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There's a house on Aickman road with

A staircase that people go up, but

never down...


To solve the mystery

of the man upstairs, the Doctor must BE ABLE TO pass himself off as a normal human being, and share a flat with Craig Owens.


Copyright © E.G. Wolverson 2010


E.G. Wolverson has asserted his right under the Copyright, Designs and Patents Act, 1988 to be identified as the author of this work.







As a fan of the ongoing comic series in Doctor Who Magazine, I was looking forward to seeing the first television episode to be adapted from a Who strip. We’ve so far had adaptations of a novel, an audio play and an annual short story - with varying levels of divergence from the original source - and so I was intrigued to find out just how the episode The Lodger would compare to the comic story of the same name.


The original version saw the tenth Doctor arrive in Mickey Smith’s flat, staying with the hapless chap while he waited for the TARDIS to rematerialise, it having belched forward a few days with Rose still inside it. The chance to explore Mickey’s character and his developing rivalry / friendship with the Doctor was a big part of the strip’s appeal, and I wondered how the adaptation would work with an entirely new character in his place.


Above: The Lodger as it appeared in Doctor Who Magazine


Thankfully, Craig is a greatly endearing character, and an utterly believable one. He is the epitome of the run-of-the-mill, everyman figure, some-one who we can all relate to. As in the original version, the Doctor is used to bring out the ordinary man’s insecurities and failings, or what he perceives to be his failings, consciously or not. We have all, at some time in our lives, felt jealous or inadequate, compelled to compare ourselves to someone else who outdoes in some way. The Doctor arrives in Craig’s life, and, with the best of intentions, shows him up in front of his friends, colleagues and the girl he loves, by simply being terribly interesting and good at everything (except being normal). Craig’s demand that he leave his flat after only three days is entirely believable after the Doctor’s unintentional humiliation of him. We can’t help but feel for the guy.


While a lot of this is down to Gareth Robert’s excellent writing, it is James Corden who deserves the credit for bringing the character to life. So many forum-goers cried out in dismay when learning of his casting. This is something that happens most times an actor best known for their comedy work is cast in the show (as if this show were serious), but there was some quite vehement anti-Cordenism going on. I can’t understand why. Corden is a fine actor who brought Craig’s character to life beautifully, and was a mile away from Smithy in Gavin  & Stacey, as well as James Corden the face of popular football and occa-sional Patrick Stewart baiter.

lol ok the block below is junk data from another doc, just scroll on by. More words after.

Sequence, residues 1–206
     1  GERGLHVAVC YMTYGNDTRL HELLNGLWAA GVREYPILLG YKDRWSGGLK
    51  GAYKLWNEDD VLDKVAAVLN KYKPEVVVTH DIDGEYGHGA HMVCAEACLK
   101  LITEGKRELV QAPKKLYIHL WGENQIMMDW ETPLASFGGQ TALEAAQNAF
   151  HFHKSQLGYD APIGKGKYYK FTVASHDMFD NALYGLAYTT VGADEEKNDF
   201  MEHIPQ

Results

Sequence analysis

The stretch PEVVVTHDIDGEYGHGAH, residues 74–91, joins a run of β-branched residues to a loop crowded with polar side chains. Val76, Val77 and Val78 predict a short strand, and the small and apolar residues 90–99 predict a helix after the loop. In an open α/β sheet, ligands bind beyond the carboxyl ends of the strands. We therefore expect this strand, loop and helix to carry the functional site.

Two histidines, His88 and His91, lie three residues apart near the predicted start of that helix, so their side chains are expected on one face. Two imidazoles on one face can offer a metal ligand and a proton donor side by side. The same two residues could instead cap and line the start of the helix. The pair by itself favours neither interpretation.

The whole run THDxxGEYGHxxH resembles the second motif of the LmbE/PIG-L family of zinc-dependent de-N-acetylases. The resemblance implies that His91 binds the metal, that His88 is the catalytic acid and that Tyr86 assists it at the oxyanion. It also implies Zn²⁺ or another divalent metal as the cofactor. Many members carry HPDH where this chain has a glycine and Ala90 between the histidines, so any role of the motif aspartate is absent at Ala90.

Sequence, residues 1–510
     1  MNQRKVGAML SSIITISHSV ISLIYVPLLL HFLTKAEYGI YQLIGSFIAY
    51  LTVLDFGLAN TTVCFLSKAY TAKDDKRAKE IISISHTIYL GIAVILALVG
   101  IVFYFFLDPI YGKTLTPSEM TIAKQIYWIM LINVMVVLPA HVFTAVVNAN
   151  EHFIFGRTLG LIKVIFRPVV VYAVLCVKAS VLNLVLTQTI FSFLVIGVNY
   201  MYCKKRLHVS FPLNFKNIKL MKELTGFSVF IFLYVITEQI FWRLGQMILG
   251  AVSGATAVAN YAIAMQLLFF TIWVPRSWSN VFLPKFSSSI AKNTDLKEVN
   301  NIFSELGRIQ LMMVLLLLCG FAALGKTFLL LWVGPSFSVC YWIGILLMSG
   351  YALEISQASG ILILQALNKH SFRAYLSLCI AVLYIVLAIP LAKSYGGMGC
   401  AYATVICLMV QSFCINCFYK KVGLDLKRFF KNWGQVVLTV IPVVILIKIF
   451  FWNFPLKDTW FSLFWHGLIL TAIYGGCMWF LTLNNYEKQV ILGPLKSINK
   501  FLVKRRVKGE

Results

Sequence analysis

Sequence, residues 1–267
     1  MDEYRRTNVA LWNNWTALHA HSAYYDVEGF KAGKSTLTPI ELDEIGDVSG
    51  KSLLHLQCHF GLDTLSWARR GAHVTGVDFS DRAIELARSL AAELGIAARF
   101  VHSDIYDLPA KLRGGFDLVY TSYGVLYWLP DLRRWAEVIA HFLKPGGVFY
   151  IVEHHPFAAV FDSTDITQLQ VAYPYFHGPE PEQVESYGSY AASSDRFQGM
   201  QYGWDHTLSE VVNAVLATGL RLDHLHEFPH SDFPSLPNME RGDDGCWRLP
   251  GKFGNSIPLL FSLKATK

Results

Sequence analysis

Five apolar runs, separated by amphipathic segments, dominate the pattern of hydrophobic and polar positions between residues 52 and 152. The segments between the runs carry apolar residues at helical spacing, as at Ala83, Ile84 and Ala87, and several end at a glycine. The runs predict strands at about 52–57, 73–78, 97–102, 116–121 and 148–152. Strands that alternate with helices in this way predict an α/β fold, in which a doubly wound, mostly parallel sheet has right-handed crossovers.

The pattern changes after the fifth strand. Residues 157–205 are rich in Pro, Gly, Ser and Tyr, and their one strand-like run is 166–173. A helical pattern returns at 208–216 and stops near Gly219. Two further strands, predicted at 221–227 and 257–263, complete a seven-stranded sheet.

“Friend who’s a girl. There’s nothing going on.”


The benefit of having a new character in the role of the accosted flatmate is that we get to see someone entirely new to the Doctor’s world react to suddenly having him in his living room. Corden and Smith are just fantastic in every scene that they share; I could almost see this spinning off into a fully-fledged sitcom. Matt Smith is, as ever, mesmerising as the Doctor, and displays some fantastic comic timing.


Surprisingly to some, it’s Corden who’s the straight man and Smith who provides the comic relief. Putting the Doctor against the most ordinary of backdrops throws him into sharp relief, making him appear even more remarkable than he does in his own environment of spaceships, historical vistas and perilous escapades. This is somewhere that the episode outdoes the comic - in it’s choice of Doctor. Put David Tennant in this episode, and yes, he’d be great, but his Doctor would fit into the everyday world far more smoothly than Matt Smith’s. Smith’s performance embodies a quirkiness and off-kilter approach that Tennant’s was never truly able to. The only version of the Doctor I can imagine struggling even more to fit in with the everyday folk is Tom Baker’s batty bohemian.